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Carcross/Tagish First Nation signs new deal with Ottawa

The Carcross/Tagish First Nation has signed a new funding agreement with the federal government that will increase its transfers by an estimated $2 million a year.

Chief Danny Cresswell says federal transfers will increase to $9.5M a year

Carcross/Tagish First Nation signs new deal with Ottawa

CBC News: Northbeat

6 years ago
2:07
Carcross/Tagish First Nation signs new deal with Ottawa 2:07

The Carcross/Tagish First Nation has signed a new funding agreement with the federal government that will increase its transfers by an estimated $2 million a year.

The previous financial agreement expired three years ago. This agreement is set to last six years.

Chief Danny Cresswell says under the new agreement federal transfers will increase change to $9.5 million a year from about $7.3 million.

Cresswell said the Carcross/Tagish was initially offered a non-negotiable agreement. The First Nation refused to sign, because it says treaties obligate the federal government to negotiate directly.

Carcross/Tagish First Nation Chief Danny Cresswell and Yukon MP Ryan Leef shake hands at the announcement Monday of the First Nation's new deal with Ottawa. (CBC)

On Monday, Cresswell thanked CTFN members for maintaining a united front during negotiations. The First Nation is governed by six ancestral clans.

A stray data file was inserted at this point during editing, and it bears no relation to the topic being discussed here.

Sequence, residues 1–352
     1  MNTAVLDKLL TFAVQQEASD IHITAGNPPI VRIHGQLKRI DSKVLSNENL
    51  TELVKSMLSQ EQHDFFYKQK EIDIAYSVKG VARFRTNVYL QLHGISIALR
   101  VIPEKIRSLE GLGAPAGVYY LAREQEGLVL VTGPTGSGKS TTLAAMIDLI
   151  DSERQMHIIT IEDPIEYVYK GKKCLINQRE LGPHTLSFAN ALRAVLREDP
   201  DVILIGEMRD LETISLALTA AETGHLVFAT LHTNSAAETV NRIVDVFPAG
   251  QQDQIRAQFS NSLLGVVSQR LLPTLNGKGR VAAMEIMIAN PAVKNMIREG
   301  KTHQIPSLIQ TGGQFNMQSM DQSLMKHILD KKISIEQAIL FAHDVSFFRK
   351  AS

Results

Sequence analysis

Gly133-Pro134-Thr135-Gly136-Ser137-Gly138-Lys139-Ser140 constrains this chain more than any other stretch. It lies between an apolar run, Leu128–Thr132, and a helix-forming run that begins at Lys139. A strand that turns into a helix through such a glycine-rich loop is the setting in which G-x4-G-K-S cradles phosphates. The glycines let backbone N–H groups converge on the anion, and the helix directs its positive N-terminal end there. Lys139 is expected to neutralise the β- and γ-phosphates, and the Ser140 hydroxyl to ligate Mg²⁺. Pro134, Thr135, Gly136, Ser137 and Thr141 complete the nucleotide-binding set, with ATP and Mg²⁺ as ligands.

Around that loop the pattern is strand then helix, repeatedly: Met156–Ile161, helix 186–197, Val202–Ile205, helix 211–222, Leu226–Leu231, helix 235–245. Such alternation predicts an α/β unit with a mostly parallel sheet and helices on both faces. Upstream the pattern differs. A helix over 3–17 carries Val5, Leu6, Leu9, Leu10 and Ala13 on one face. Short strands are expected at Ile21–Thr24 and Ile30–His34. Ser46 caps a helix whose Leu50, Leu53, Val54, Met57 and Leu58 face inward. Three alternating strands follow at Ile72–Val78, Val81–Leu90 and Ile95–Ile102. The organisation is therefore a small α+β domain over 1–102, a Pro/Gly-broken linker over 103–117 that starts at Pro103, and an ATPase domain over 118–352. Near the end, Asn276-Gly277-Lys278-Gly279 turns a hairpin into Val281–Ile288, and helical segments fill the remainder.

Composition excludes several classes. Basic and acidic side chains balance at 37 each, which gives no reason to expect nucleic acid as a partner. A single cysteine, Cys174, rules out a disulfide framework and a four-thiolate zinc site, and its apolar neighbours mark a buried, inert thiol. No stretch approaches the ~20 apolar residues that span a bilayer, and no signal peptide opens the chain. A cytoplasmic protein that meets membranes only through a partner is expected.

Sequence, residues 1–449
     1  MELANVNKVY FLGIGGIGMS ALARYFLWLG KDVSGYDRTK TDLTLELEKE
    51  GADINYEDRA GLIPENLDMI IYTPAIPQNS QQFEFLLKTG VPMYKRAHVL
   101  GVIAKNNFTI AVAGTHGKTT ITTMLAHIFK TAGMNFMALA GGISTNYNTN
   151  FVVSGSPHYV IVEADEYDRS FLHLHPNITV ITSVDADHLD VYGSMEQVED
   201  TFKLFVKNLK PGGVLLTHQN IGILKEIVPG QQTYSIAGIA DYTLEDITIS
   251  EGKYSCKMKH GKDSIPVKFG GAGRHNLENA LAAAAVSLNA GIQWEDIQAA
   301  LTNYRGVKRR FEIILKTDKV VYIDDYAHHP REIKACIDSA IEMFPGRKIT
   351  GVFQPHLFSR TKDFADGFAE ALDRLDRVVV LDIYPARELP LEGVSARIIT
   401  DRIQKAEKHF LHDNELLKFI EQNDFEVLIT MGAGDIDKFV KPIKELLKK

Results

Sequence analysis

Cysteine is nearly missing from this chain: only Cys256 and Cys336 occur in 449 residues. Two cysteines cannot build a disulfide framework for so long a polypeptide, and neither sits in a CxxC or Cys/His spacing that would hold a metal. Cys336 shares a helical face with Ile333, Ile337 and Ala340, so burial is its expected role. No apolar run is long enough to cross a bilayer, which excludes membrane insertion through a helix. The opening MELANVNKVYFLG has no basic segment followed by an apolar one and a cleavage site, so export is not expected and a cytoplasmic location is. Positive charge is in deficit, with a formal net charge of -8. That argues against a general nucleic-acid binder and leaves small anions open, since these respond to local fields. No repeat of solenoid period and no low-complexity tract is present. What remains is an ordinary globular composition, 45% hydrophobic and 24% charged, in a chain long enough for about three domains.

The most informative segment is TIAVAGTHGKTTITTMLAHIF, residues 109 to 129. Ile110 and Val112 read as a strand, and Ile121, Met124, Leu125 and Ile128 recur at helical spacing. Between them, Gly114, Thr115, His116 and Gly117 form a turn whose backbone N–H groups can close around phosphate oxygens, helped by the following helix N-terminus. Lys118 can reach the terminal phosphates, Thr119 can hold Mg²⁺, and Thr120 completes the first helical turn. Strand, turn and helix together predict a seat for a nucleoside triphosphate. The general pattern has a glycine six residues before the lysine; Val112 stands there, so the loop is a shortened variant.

"You don't always get everything through a negotiation, but you get nothing if you don't try. And that's what our people did," Cresswell said.

"It took three extra years after this funding agreement expired. But nobody walked away from the table. As tough as it was — we went through a couple of their ministers — we got it done. That's what unity will do for us. When we stand together not only as one First Nation but as all First Nations. We need to stand together and we can move mountains."

Federal transfers cover many costs

The Carcross-Tagish First Nation represents about 1,000 members. Cresswell says the funding provides for programs in health, post-secondary education, justice and community wellness including alcohol and drug programs.

The CTFN also has a temporary financial assistance program, which is a direct subsidy for members with low incomes.

 Creswell says federal transfers probably account for 70 per cent of the First Nation's total resources with other funding provided through the territorial government, proposal-driven grant funding and commerce.

Yukon MP Ryan Leef praised the First Nation for its economic development which includes a focus on tourism and trades education.

"Carcross is paving the way," Leef said.

"Other people are looking at what you are doing to model what you're doing here. They'll be looking at this financial transfer agreement with admiration and respect."

Cresswell says the deal doesn't preclude further negotiations. The CTFN is still campaigning to assume more responsibilities including control of child welfare and family services.

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